A Clas apart
Jose Mourinho now knows how to win a Clasico, says Guillem, but did Barca experiment too much?
Last Updated: 25/04/12 7:53am
What happened in the Clasico on Saturday is a consequence of Jose Mourinho adjusting his side to play Barcelona, but also setting the team up to the liking of his players.
The victory was down to a mixture of those things. The first time he faced Barcelona as Real Madrid boss he told me that football was like a box of surprises; you just never know what's going to happen until it actually happens. They tried to play as the equals of their opponents and they lost 5-0.
Since then he has tried to adjust his approach, but apart from the win in the Copa del Rey final, most of the games have finished as defeats and draws.
But then we saw a crucial pair of games in January in the quarter-finals of the Copa del Rey. He lost the first leg 1-2 at the Santiago Bernabeu and was whistled by the fans, partly because he used three defensive midfielders. Some of the players told him: 'We are Real Madrid, we should attack more, we shouldn't play like this.'
And so in the second leg he adopted a more offensive line-up and Barcelona were 2-0 up at half-time. There was a little bit of 'I told you so' from Mourinho.
But because the players felt a responsibility to make a point both to the manager and to everybody who had criticised them they fought back for a 2-2 draw that felt like a victory. From then on they really wanted to play Barcelona again because they felt the fear factor had disappeared.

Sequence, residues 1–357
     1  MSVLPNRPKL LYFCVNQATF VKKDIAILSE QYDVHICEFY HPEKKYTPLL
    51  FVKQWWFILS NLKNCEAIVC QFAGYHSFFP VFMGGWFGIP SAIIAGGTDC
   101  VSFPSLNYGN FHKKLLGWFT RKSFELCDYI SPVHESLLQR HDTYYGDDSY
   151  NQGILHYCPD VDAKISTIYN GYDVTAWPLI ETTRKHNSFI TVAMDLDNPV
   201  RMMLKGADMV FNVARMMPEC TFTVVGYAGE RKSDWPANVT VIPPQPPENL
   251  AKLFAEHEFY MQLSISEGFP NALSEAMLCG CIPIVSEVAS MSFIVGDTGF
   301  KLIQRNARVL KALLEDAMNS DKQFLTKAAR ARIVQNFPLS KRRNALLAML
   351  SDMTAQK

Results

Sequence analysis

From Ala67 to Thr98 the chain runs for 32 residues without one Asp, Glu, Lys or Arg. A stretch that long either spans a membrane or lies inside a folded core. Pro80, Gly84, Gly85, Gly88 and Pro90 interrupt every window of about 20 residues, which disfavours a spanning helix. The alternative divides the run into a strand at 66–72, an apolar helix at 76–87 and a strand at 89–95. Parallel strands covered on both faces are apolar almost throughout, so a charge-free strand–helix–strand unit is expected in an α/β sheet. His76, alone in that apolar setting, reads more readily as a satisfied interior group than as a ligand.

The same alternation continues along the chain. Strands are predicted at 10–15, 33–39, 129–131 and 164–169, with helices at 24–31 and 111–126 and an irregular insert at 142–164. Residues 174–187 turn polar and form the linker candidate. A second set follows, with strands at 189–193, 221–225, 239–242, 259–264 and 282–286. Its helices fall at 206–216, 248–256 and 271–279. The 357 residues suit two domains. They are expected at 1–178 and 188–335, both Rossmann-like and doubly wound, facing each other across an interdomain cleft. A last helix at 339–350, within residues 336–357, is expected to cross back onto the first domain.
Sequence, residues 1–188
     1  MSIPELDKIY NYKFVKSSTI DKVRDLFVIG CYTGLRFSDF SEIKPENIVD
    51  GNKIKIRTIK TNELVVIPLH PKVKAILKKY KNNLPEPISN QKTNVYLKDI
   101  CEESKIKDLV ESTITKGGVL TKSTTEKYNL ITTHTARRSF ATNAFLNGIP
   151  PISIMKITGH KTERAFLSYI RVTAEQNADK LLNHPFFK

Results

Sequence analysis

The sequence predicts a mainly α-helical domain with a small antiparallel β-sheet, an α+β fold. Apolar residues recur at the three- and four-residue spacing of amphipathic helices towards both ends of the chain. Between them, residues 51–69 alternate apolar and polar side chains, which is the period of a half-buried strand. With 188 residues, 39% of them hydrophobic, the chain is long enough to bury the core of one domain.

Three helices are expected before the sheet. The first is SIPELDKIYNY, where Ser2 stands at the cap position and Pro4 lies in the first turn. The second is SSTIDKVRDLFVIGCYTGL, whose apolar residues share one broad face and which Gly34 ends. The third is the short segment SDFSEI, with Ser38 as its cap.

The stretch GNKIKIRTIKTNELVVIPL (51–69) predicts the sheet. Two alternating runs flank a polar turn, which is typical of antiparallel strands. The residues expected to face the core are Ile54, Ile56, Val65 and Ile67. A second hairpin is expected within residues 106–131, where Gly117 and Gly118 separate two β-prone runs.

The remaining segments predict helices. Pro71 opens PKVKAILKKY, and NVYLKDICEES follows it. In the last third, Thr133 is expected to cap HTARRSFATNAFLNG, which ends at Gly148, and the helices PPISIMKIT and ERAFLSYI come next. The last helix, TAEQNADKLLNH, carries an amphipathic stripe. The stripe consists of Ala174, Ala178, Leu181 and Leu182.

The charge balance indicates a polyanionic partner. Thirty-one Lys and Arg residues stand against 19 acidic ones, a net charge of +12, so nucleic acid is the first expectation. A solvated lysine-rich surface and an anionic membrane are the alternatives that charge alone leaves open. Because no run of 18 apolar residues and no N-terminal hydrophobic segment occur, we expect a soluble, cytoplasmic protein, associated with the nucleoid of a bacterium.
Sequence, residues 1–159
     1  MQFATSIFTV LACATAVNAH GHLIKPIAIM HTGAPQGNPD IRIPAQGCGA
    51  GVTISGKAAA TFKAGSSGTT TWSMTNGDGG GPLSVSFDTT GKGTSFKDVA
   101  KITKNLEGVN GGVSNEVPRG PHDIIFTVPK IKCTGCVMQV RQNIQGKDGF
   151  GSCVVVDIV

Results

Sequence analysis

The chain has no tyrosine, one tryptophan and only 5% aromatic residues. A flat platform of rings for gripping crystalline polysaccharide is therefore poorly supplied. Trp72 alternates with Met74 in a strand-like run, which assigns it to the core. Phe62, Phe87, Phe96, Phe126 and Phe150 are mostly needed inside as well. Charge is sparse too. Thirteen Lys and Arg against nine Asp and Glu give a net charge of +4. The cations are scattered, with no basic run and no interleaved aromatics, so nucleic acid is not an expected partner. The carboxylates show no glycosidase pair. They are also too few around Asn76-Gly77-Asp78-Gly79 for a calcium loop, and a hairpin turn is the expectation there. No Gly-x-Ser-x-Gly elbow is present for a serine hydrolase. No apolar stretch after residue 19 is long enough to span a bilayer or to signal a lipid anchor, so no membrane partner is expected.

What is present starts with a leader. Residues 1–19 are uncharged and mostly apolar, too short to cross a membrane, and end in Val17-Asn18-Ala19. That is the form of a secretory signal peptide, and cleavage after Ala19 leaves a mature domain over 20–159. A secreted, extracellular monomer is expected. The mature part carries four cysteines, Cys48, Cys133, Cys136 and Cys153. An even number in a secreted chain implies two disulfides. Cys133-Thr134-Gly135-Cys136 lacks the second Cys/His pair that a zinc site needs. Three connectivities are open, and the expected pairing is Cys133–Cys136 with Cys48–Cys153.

The next game was this one and we saw a Real Madrid that knew exactly what they had to do. They didn't attack much, but they didn't need to, and they were 1-0 up at half-time. Mourinho told his players during the break that if Barcelona equalised then they should go and attack them - and they did. That's how they got the second goal.
Real Madrid felt in control of the situation and they felt comfortable. In a way it is easier to come from behind and beat a team that keeps beating you than to do what Barcelona are trying to do - and that's beat Real Madrid all the time.
If they meet in the Champions League Final, for instance, it will be interesting to see what both teams have learned from this Clasico.
Guillem answers your questions...
Got a question for Guillem? Then send it in here or use the feedback form below, and then look out for his answer next week.
DEPOSED AND EXPOSED
After Real Madrid's first goal on Saturday night, do you think they have exposed a major chink in the Barcelona armour or was that just a one-off? Should more teams try to bombard their box with corners and free-kicks? Carl (Chelsea fan)
GUILLEM SAYS: I think that Real Madrid have started to understand how to play against Barcelona and Pep Guardiola will need to reinvent the side somehow to beat a Madrid team that is very solid defensively and knows how to counter-attack. Barcelona need to find new weapons, but this brings us on to the next question...
A FAILED EXPERIMENT?
Dear Guillem. Looking at Pep Guardiola's team selection against Real Madrid, do you think he is placing more emphasis on the Champions League than winning La Liga? Do you think that is a dangerous tactic? Mark Pearson.
GUILLEM SAYS: He is completely prioritising the Champions League. Not only did he play Tello (who was probably the best forward) and Thiago alongside Busquets, but he also played a midfield that was like a square rather than a diamond shape and it didn't work. We also saw Dani Alves played as a right-winger rather than a full-back and these are the sorts of experiments you do when you doubt the side or when you want to surprise your rivals - and it didn't come off. He wouldn't do that in a Champions League game and I think you'll see the strongest team possible against Chelsea. I do believe it was a dangerous tactic.